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Outcome of desmoplasty and fasciotomy for desmitis involving the origin of the suspensory ligament in horses: 27 cases (1995–2004)

Christina A. HewesMarion DuPont Scott Equine Medical Center, Virginia-Maryland Regional College of Veterinary Medicine, Virginia Tech, Leesburg, VA 20177.

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Nathaniel A. White IIMarion DuPont Scott Equine Medical Center, Virginia-Maryland Regional College of Veterinary Medicine, Virginia Tech, Leesburg, VA 20177

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Abstract

Objective—To determine outcome of percutaneous ultrasound-guided desmoplasty with simultaneous fasciotomy for proximal suspensory desmitis (ie, desmitis of the origin of the suspensory ligament) in horses that have not responded to stall rest.

Design—Retrospective case series.

Animals—27 horses.

Procedures—Medical records of horses with proximal suspensory desmitis treated by means of desmoplasty with fasciotomy were reviewed. Follow-up information was obtained through telephone conversations with owners and trainers of the horses or by examination of horses at the hospital.

Results—23 of the 27 (85%) horses, including 3 of 4 horses with forelimb lesions and 20 of 23 horses with hind limb lesions, were able to return to full work after surgery and rehabilitation. All horses had ultrasonographic evidence of healing of suspensory ligament lesions.

Conclusions and Clinical Relevance—Results suggest that desmoplasty with fasciotomy is a viable treatment option in horses with proximal suspensory desmitis that have not responded to stall rest.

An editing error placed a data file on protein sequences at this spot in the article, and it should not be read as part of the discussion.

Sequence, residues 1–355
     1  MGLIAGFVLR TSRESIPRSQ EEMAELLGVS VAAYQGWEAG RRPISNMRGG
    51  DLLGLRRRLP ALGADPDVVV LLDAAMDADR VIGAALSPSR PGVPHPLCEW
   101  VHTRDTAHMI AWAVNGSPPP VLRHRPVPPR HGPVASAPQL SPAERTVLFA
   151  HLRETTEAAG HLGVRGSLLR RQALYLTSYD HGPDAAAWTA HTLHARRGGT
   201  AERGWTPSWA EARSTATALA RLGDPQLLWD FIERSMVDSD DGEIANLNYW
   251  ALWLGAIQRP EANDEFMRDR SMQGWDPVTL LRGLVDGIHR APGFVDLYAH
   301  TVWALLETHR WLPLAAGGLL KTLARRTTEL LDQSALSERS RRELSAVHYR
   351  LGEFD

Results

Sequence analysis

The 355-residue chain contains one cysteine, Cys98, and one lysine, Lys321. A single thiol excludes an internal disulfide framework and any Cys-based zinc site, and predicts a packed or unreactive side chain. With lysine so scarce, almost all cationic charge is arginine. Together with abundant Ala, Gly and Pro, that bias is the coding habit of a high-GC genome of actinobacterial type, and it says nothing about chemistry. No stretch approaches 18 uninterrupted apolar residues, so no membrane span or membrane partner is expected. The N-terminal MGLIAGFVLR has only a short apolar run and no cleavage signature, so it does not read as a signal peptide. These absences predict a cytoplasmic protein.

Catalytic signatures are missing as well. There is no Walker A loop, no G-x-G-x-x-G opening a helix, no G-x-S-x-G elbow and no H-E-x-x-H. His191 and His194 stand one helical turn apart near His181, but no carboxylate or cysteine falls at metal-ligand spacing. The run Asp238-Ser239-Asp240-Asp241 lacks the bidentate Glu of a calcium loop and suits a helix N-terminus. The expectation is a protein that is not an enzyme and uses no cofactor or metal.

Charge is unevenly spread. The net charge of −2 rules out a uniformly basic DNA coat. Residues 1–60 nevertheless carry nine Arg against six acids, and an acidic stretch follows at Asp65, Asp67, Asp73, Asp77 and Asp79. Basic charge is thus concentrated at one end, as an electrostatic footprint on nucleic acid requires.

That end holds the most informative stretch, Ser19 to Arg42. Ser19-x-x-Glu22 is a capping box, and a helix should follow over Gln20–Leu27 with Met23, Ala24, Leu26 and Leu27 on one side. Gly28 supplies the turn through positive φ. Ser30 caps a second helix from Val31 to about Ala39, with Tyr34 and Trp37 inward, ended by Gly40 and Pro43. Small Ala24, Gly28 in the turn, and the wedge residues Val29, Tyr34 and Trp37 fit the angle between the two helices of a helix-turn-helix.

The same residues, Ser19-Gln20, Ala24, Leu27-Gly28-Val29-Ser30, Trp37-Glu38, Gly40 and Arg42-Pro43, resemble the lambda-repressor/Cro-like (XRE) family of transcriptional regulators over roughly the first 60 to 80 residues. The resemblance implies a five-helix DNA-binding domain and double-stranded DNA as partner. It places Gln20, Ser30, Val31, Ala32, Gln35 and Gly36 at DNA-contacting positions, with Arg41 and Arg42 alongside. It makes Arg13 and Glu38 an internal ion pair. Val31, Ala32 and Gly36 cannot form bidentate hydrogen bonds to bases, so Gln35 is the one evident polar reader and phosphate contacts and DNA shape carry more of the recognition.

Abstract

Objective—To determine outcome of percutaneous ultrasound-guided desmoplasty with simultaneous fasciotomy for proximal suspensory desmitis (ie, desmitis of the origin of the suspensory ligament) in horses that have not responded to stall rest.

Design—Retrospective case series.

Animals—27 horses.

Procedures—Medical records of horses with proximal suspensory desmitis treated by means of desmoplasty with fasciotomy were reviewed. Follow-up information was obtained through telephone conversations with owners and trainers of the horses or by examination of horses at the hospital.

Results—23 of the 27 (85%) horses, including 3 of 4 horses with forelimb lesions and 20 of 23 horses with hind limb lesions, were able to return to full work after surgery and rehabilitation. All horses had ultrasonographic evidence of healing of suspensory ligament lesions.

Conclusions and Clinical Relevance—Results suggest that desmoplasty with fasciotomy is a viable treatment option in horses with proximal suspensory desmitis that have not responded to stall rest.

Contributor Notes

Dr. Hewes' present address is Peninsula Equine, PO Box 7297, Menlo Park, CA 94028.

Address correspondence to Dr. Hewes.